Review – Voiding Dysfunction

New Frontiers in Intravesical Therapies and Drug Delivery

By: Antonella Giannantoni a lowast , Savino M. Di Stasi b, Michael B. Chancellor c, Elisabetta Costantini a and Massimo Porena a

European Urology, Volume 50 Issue 6, December 2006, Pages 1183-1193

Published online: 01 December 2006

Keywords: Electric current, Intravesical drug administration, Permeability, Sustained delivery

Abstract Full Text Full Text PDF (179 KB)



The intravesical route permits site-specific delivery of drugs with a reduced side-effect profile as compared to oral delivery systems, either by avoiding first-pass metabolism or by obtaining a local effect. We investigated mechanisms related to urothelium permeability and new physical and chemical developments in intravesical drug delivery that potentially permit successful treatment of several bladder dysfunction.


A literature review.


Pharmacologic agents increasing urothelial permeability and useful for clinical purposes have been described, such as dimethylsulfoxide, protamine sulphate, chitosan, and nystatin. Among physical approaches, electromotive drug administration appears to be more effective than intravesical passive diffusion in delivering drugs through the urothelium into deeper layers of the bladder. Experimental and clinical reports demonstrated that electric current significantly increases the transport of local anaesthetics, mytomicin C, oxybutynin, resiniferatoxin, epinephrine, and dexamethasone. Among new chemical approaches, cell-penetrating peptides posses the ability to translocate macromolecular drugs across membranes of urothelial cells. The therapeutic benefits of sustained delivery afforded by thermosensitive hydrogel, which forms a depot for hydrophilic and hydrophobic drugs, have been demonstrated by delivering anti-inflammatory drugs. Liposomes improve the aqueous solubility of several hydrophobic drugs such as taxol, amphotericin, and capsaicin.


Electromotive drug administration, new in situ delivery systems, and bioadhesive liposomes may make it possible to extend intravesical therapy and drug administration to many bladder diseases. Research to expand knowledge of the chemical and physical properties of the bladder and processes regulating drug transport across biologic membranes is needed to make this a reality.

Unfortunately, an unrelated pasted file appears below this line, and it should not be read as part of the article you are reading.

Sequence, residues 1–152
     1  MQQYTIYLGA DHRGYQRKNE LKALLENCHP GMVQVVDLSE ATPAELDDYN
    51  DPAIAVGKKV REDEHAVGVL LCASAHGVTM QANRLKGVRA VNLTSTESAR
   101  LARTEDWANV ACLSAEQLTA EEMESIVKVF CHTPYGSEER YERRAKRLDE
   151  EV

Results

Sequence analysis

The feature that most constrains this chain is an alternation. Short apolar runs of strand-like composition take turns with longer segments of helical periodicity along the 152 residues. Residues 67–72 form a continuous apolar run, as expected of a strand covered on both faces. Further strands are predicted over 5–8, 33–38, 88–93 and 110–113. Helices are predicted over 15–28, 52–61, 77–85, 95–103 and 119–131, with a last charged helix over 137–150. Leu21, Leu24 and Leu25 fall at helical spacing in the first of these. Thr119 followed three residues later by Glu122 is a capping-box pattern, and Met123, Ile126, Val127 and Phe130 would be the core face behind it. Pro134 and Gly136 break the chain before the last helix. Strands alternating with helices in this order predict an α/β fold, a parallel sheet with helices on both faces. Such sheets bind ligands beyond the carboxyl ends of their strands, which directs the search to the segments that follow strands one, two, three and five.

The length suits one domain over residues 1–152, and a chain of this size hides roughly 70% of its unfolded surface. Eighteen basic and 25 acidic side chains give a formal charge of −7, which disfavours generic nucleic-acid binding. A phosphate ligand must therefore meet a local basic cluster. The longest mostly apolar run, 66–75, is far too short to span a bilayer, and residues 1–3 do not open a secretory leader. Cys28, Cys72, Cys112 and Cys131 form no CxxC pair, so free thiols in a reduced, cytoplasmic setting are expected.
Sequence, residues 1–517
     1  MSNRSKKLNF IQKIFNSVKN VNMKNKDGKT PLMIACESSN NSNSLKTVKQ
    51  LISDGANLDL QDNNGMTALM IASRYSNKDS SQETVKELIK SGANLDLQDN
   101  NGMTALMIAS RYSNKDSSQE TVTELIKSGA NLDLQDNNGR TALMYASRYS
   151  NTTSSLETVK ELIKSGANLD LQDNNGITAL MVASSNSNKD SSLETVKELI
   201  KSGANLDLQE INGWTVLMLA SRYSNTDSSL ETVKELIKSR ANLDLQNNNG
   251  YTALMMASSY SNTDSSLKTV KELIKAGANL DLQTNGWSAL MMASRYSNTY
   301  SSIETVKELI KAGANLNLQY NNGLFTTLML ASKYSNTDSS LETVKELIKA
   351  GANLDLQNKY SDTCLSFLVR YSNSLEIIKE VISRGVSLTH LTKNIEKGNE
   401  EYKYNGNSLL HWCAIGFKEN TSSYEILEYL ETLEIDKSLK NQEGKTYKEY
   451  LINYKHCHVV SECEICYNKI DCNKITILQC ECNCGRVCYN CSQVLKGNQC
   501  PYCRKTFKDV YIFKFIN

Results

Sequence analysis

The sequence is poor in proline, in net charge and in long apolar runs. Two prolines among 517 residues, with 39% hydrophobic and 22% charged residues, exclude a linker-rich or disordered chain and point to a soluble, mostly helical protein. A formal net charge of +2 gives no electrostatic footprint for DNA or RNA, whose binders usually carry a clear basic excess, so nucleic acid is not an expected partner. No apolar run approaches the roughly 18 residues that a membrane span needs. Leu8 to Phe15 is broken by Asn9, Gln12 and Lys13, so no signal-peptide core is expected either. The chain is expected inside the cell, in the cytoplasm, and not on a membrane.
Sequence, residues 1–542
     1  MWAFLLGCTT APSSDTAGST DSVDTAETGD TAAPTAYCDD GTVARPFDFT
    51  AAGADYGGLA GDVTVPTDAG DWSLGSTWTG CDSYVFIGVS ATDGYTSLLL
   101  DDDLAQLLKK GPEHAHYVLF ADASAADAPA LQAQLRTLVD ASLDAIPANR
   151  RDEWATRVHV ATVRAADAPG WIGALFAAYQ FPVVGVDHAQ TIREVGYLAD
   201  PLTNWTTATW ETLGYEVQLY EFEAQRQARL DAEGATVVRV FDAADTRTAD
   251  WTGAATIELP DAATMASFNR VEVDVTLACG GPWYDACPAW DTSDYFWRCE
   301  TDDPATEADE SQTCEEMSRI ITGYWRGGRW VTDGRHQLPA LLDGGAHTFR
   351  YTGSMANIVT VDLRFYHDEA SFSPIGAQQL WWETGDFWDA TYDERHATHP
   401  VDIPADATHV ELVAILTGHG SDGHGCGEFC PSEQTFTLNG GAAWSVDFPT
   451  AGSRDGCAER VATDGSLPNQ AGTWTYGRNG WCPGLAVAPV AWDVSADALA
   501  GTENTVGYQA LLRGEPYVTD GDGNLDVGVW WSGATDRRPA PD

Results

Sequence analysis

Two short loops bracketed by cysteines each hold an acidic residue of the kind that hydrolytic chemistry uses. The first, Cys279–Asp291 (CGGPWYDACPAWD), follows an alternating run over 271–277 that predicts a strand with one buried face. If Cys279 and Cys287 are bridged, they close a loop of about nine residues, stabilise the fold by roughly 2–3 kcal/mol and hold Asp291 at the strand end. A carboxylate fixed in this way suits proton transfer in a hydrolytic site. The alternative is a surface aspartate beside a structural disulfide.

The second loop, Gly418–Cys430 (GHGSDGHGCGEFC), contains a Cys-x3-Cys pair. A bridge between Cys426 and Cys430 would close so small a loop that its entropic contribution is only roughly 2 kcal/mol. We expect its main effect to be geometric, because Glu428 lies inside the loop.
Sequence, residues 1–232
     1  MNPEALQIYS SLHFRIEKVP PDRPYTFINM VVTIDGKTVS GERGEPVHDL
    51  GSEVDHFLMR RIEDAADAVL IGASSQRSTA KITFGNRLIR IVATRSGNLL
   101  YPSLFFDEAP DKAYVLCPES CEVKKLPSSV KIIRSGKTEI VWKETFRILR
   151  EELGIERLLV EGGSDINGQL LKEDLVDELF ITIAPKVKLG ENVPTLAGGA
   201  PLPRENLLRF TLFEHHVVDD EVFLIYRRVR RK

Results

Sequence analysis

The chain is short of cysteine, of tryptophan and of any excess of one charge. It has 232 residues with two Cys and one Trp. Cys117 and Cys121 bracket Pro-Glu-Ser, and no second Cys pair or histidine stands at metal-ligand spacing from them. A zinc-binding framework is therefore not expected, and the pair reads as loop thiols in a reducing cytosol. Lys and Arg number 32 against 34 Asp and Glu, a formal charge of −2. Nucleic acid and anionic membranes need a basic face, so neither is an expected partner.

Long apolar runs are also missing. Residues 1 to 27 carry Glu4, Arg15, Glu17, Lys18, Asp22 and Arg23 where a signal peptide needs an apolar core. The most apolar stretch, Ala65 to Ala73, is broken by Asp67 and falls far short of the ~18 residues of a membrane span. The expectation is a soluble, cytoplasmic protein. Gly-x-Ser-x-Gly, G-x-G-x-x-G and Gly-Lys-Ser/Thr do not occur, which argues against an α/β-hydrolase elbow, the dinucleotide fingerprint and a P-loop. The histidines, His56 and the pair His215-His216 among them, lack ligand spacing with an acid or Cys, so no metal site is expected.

Take Home Message

Intravesical route permits site-specific delivery of drugs with a reduced side-effect profile as compared to oral delivery systems. This review investigates new physical and chemical approaches in intravesical drug delivery that potentially permit successful treatment of several bladder dysfunction.

Keywords: Electric current, Intravesical drug administration, Permeability, Sustained delivery.

1. Introduction

The direct administration of drug solutions into the bladder overcomes systemic adverse effects of drugs used for bladder disease. Commonly used for the treatment of superficial bladder cancer, intravesical drug administration, for example, oxybutynin, has also been used to treat neurogenic detrusor overactivity [1]. The variability of the results obtained in different clinical studies with intravesical oxybutynin can be attributed to several factors related to the properties of the urothelium as well as the characteristics of the therapeutic agents.

Recent observations of several receptors for different neurotransmitters (cholinergic, adrenergic, purinergic, and vanilloid receptors) at the level of the urothelial cells suggest that the target sites for pharmacologic modulation of bladder dysfunction should be readily available. In any event, the ideal chemical and physical conditions for each instilled drug solution must still be standardised. Urine is frequently hypertonic and differs markedly with respect to blood potassium and pH. Changes in intravesical ions, osmolality, and pH can alter urothelial permeability, increasing or decreasing drug penetration into the bladder wall.

Furthermore, it seems that a crucial point to obtain successful drug penetration is the vehicle of the drug solution to increase urothelial permeability. Normal saline, ethanol at different concentrations, glucidic solvents, or liposomes with hydrogel, have been used for capsaicin and resiniferatoxin (RTX) intravesical delivery, with different success rates [2], [3], [4], and [5].

As things currently stand, we do not know the best vehicle for each intravesical drug nor do we know the ideal bladder conditions to perform useful intravesical treatment. Indeed, a better knowledge of urothelial permeability and of new systems of delivery could help to optimise intravesical treatments.

This review examines the mechanisms underlying drug transport into the bladder wall and discusses exciting new frontiers for intravesical therapy.

2. Bladder urothelium: permeability and drug diffusion